2020 Stock Watch – WR Saeed Blacknail – Stock Down

Now that the 2020 offseason has begun, following a second consecutive season in which they failed to even reach the playoffs, it’s time to take stock of where the Pittsburgh Steelers stand. Specifically where Steelers players stand individually based on what we have seen happen over the course of the past season, and with notice to anything that happens going forward.

A stock evaluation can take a couple of different approaches and I’ll try to make clear my reasonings. In some cases it will be based on more long-term trends, such as an accumulation of offseason activity. In other instances it will be a direct response to something that just happened. So we can see a player more than once over the course of the summer as we move forward.

Player: WR Saeed Blacknail

Stock Value: Down

Reasoning: With the announcement that the preseason is (as of this writing likely) going to be cut in half, players like Saeed Blacknail are going to have an immensely difficult time making an impact and earning a roster spot.

As I mentioned, at least as of this writing (perhaps that changes by the time this publishes, or by the time you read it), the expectation is that the NFL will have no more than two preseason games this year—possibly even fewer, or none.

What does that do to a player like Saeed Blacknail? He’s a 6’2” wide receiver who weighs 208 pounds. A ‘local product’ out of Penn State who had the nickname ‘Megatron Jr.’, he is exactly the sort of player who would have excelled in an offseason setting.

But there wasn’t one this year. We could easily have been talking about him as a dark horse sleeping prospect after he lit up OTAs and minicamp. But there were no OTAs, no minicamp, at least not in person.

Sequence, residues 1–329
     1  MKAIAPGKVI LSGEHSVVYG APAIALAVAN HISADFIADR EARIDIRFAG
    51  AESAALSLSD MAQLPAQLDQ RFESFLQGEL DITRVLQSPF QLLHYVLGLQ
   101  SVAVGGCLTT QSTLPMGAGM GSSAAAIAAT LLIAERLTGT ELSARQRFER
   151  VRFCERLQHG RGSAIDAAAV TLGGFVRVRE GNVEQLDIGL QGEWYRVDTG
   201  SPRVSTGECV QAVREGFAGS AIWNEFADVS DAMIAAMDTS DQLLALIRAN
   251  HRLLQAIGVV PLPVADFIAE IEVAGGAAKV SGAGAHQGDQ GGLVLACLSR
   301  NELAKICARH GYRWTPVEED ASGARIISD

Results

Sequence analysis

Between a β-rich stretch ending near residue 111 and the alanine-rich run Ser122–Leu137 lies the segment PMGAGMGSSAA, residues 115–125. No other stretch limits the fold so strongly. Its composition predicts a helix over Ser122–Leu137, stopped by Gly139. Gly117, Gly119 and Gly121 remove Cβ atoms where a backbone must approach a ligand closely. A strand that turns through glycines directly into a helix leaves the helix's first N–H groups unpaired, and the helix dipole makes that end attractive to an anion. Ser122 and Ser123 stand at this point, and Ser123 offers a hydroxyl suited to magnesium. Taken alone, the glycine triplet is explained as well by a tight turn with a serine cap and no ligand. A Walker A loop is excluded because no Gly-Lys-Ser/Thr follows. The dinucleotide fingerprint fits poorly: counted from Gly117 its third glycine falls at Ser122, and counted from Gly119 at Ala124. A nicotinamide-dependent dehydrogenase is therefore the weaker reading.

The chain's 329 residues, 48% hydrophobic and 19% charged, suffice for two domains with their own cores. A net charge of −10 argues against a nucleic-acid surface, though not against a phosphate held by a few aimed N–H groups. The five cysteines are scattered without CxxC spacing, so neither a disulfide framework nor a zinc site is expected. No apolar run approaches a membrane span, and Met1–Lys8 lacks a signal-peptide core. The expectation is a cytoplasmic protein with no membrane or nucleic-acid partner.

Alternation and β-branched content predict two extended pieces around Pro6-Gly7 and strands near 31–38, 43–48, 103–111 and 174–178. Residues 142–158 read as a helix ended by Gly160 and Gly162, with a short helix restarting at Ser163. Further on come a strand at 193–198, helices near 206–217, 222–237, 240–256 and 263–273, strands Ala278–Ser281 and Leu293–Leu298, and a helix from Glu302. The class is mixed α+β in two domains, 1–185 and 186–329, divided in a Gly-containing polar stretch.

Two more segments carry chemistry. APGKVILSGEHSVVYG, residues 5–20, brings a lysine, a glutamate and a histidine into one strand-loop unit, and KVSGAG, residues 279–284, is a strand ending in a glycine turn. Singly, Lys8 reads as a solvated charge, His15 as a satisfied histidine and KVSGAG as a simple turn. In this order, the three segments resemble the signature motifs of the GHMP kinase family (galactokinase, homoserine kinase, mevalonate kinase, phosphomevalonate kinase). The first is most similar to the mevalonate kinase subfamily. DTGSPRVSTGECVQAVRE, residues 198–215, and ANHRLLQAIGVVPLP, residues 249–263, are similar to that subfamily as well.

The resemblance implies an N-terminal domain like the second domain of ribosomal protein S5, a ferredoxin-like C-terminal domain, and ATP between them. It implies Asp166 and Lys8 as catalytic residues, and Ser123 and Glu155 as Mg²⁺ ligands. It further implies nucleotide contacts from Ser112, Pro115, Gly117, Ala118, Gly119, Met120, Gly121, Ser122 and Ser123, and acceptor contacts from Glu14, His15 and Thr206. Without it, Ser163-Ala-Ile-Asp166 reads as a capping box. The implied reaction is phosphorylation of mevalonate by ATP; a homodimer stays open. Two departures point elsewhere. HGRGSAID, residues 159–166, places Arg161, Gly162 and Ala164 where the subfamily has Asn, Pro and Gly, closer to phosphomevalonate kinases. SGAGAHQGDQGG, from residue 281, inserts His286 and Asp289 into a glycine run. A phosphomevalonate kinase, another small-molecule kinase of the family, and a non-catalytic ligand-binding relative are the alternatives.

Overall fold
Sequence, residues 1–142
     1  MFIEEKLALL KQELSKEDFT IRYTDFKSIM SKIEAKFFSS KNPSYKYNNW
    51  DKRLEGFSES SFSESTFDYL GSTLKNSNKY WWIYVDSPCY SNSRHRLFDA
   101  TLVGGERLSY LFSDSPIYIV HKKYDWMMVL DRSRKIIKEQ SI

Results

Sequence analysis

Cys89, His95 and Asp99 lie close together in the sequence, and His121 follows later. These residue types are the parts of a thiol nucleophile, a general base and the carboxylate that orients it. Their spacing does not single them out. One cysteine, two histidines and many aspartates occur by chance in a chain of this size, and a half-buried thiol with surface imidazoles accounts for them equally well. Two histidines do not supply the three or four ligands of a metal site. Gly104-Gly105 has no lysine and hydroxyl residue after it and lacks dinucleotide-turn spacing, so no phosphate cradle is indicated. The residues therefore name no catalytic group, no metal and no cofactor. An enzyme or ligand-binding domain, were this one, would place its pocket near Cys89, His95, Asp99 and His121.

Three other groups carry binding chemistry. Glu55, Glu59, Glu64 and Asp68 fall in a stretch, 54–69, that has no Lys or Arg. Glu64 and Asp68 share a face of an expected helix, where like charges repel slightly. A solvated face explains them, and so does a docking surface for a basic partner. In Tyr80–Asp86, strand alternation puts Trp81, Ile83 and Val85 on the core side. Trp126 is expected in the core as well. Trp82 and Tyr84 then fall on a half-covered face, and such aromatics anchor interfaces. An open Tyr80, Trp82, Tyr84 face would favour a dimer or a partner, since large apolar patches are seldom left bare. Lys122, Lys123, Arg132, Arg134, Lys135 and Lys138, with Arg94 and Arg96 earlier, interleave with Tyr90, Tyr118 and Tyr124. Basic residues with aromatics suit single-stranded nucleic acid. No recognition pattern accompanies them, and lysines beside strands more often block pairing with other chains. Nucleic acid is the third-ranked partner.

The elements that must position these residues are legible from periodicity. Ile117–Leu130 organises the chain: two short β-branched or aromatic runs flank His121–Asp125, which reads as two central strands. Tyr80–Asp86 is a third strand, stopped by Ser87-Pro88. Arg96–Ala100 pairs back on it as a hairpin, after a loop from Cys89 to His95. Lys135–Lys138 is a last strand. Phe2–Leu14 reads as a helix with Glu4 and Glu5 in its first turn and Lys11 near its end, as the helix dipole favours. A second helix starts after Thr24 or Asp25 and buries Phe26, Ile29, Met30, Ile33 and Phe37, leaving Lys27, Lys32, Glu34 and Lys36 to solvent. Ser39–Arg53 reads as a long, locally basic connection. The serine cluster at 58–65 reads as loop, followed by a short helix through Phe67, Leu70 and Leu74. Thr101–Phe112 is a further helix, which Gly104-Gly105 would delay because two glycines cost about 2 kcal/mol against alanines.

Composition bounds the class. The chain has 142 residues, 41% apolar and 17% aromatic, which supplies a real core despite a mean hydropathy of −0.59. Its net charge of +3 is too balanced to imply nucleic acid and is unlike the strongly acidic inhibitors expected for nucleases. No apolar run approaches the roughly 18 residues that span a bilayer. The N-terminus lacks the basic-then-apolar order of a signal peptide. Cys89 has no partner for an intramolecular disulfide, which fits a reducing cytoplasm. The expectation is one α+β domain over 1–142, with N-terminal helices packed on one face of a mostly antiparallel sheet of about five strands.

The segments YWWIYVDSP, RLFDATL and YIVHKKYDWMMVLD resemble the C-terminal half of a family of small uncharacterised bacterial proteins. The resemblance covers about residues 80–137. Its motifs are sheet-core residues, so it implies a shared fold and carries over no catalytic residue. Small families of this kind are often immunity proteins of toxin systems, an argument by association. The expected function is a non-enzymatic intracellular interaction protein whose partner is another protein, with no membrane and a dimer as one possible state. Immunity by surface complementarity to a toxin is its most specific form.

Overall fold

And now there will only be two preseason games, which will greatly minimize snaps for fringe players (and make it all the more important that starters who need those snaps get them). Training camp is likely going to be abridged or limited in some ways as well.

Basically, almost everybody who entered the offseason with a theoretically low-percentage chance of making a 53-man roster is not going to, simply because they won’t have the chance to show people that they are capable of playing.

Back in 2011, when a lockout prevented teams from signing undrafted free agents until a new CBA was agreed to, very few fringe players made rosters. Few even got signed. Will Johnson was one of those players who was lost in the shuffle. But he went back to his school the following offseason to attend their Pro Day, as though he were just coming out. The Steelers saw him and signed him, which led to a five-year NFL career (and unfortunately ended with him spending his final season on the Giants’ IR list, released the following March).

Point being, players like Johnson and Blacknail who don’t have a chance to show themselves don’t have much of a chance to make the team. Which is why Deon Cain’s stock is up, and his is down.

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